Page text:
The Appellate Court first considered the trial court's exclusion of the plaintiff's testimony under the rule of Dale's Appeal from Probate, 57 Conn. 127, 17 A. 757 (1888), and concluded that the trial court's reliance on the rule in that case was misplaced. Dinan v. Marchand, supra, 91 Conn. App. 503. Specifically, the Appellate Court noted that Dale's Appeal from Probate involved a will contest by a legatee who challenged the testamentary capacity of the testatrix and claimed undue influence by the testatrix' son in execution of the will. Id., 501. The court noted that, in Dale's Appeal from Probate, this court had held that one legatee's statement, offered as an admission against interest, if potentially harmful to the inheritance rights of other legatees, was inadmissible, under the offered hearsay exception for admissions against interest. Id. The court in Dale's Appeal from Probate and its progeny reasoned that the admission effectively would be used against all the legatees, because a finding of undue influence would invalidate the entire will. Id., 501-502, citing Livingston's Appeal from Probate, 63 Conn. 68, 76, 26 A. 470 (1893). Although the Appellate Court recognized that Patten's statements also potentially threatened the rights of the other legatees under the will, the court concluded that the nature of her statements differed from those in Dale's Appeal from Probate and its progeny. Dinan v. Marchand, supra, 502-503. In Dale's Appeal from Probate, supra, 129, the legatee had stated that the testator lacked capacity or executed an instrument under undue influence but later sought to take under the contested will, whereas Patten's alleged threats against the testator were not admissions that the codicil was invalid, but, rather, statements of a legatee that the plaintiff sought to utilize to prove the legatee's undue influence over the testator. Dinan v. Marchand, supra, 503. In fact, the Appellate Court noted, Patten allegedly had made the threats to protect her pecuniary interest in the testator's existing will and thereafter insisted that the will and codicil properly were executed and valid. Id., 503 and n. 11.
We note that the Appellate Court mischaracterized this court's reasoning in Dale's Appeal from Probate as relying on the hearsay exception for a statement against civil interest. See Conn. Code Evid. § 8-6 (The provision of the Code of Evidence setting forth a hearsay exception for admissions against interest provides in relevant part: "The following are not excluded by the hearsay rule if the declarant is unavailable as a witness . . .  Statement against civil interest. A trustworthy statement that, at the time of its making, was against the declarant's pecuniary or proprietary interest, or that so far tended to subject the declarant to civil liability that a reasonable person in the declarant's position would not have made the statement unless the person believed it to be true."). In fact, because the declarant in Dale's Appeal from Probate was available as a witness and was a party to the proceeding, the court relied on the exception for a statement of a party opponent. See Conn. Code Evid. § 8-3 ("[t]he following are not excluded by the hearsay rule, even though the declarant is available as a witness:  . . . [a] statement that is being offered against a party and is [A] the party's own statement").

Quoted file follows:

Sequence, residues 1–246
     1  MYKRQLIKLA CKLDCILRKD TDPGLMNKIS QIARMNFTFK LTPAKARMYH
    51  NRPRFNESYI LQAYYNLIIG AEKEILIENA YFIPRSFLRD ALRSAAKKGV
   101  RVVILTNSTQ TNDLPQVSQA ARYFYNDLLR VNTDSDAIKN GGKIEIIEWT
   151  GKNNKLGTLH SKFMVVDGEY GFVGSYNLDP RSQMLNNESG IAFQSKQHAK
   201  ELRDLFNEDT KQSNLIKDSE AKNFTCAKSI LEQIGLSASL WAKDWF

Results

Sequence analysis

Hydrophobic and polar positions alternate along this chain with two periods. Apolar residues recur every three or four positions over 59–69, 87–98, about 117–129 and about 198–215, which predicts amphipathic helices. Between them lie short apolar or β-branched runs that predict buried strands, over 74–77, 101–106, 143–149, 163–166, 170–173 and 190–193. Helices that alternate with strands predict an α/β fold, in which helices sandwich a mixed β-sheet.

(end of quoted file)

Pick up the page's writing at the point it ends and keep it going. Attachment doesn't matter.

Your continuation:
Although the Appellate Court concluded that the trial court improperly had excluded the plaintiff's testimony based on Dale's Appeal from Probate, it held that the impropriety was "harmless." Id., 503-504. The Appellate Court reasoned that, although Patten's statements properly could be admitted for a nonhearsay purpose, the testator's recounting of those statements to the plaintiff was inadmissible hearsay. Id., 505. The Appellate Court summarily dismissed in a footnote the application of § 52-172, commenting that, "the oft-misunderstood dead man's statute does not create a hearsay exception for statements of dead witnesses." (Internal quotation marks omitted.) Id., 506 n. 15. Finally, because the plaintiff had made no offer of proof as to the testimony of her two additional witnesses on this matter, the Appellate Court concluded that it could not determine if the evidentiary ruling limiting their testimony was improper and in turn harmful. Id., 504. Accordingly, the Appellate Court affirmed the trial court's judgment. We thereafter granted the plaintiff's petition for certification to appeal, limited to the following issue: "Having determined that the trial court improperly had invoked the rule of Dale's Appeal from Probate, [supra, 57 Conn. 127], to exclude evidence in the present case, did the Appellate Court improperly affirm the trial court's evidentiary rulings?" Dinan v. Marchand, 276 Conn. 917, 888 A.2d 84 (2005).